Badè was apparently so impressed with Sorial that he brought him to Berkeley to take classes at Pacific School of Religion and the California School of Arts and Crafts for the second half of 1927 and all of 1928. Sorial returned to Palestine with Badè and his wife on a transpacific voyage in 1929.
Labib Sorial left archaeology in 1935 on the death of his father. He felt obliged to take up his father’s teaching position at the Luxor Mission School for Boys. He hoped to return to archaeology at some point, but a combination of factors such as the Great Depression and the advent of World War II seems to have scuttled this hope. He also ran afoul of the directors of the Beth Shean and Megiddo excavations when he left those projects to follow Fisher to other sites (first to Megiddo and then on to Tell en-Nasbeh where Fisher was an adviser). These individuals colluded to prevent Sorial from gaining employment on any of their projects, and Guy even attempted to have Sorial banned from Palestine.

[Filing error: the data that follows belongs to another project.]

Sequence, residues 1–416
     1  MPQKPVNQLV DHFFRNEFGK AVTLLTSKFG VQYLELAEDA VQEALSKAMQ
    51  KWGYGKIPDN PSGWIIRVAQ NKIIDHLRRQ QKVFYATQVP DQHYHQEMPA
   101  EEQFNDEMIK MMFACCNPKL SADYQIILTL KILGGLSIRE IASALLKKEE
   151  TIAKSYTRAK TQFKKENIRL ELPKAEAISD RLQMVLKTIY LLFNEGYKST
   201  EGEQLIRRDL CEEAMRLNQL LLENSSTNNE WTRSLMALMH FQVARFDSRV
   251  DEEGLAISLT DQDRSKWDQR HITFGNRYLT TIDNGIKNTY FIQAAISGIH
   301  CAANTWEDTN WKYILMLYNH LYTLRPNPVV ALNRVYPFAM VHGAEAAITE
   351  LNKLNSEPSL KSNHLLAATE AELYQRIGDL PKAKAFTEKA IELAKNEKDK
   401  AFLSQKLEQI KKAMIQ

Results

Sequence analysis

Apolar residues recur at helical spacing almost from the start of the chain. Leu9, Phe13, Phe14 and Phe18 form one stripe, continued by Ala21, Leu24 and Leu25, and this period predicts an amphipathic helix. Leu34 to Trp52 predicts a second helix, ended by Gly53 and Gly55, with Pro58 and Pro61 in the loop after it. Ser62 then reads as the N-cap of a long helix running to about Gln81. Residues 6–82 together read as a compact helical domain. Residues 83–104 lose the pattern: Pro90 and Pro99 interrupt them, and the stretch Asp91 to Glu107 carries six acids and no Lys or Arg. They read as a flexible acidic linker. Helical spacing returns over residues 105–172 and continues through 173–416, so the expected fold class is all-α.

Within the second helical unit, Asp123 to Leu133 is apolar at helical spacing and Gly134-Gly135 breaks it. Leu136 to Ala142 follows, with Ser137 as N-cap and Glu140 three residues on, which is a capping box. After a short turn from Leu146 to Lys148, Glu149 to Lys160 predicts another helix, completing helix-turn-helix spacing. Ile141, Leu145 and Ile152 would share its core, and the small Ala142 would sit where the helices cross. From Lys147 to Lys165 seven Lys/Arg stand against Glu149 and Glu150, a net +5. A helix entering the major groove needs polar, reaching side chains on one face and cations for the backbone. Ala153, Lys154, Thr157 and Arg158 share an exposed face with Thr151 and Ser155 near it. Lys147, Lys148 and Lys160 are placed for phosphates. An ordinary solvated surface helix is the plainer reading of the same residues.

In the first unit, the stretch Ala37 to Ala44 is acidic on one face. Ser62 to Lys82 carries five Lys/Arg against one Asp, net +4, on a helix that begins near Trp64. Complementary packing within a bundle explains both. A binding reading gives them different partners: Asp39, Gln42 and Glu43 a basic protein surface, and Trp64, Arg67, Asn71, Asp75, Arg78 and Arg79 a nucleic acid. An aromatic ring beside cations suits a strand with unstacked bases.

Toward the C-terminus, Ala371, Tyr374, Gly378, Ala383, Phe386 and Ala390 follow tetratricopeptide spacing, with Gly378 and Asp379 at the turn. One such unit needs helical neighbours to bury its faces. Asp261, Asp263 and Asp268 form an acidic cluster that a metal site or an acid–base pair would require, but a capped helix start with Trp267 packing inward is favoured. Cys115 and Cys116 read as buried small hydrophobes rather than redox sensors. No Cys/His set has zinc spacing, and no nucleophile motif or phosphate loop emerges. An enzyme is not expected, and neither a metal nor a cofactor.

The last known information about Labib Sorial places him in Cairo in 1948, with an unnamed wife and two small daughters. But for the vagaries of the times in which he lived—and the animosity of certain foreign archaeologists—Sorial’s archaeological career might have continued many more years.
About the Author:
Jeffrey R. Zorn is Adjunct Associate Professor in the Department of Near Eastern Studies at Cornell University. He has worked extensively at Tel Dor on the coast of Israel and is currently working on the final publication of the Area G excavations. He has also published numerous studies on the site of Tell en-Nasbeh, probably biblical Mizpah of Benjamin.
iii Jeffrey R. Zorn, “A Legacy of Publication: William Frederic Badè and Tell en-Nasbeh,” Biblical Archaeology Review, July/August 1997.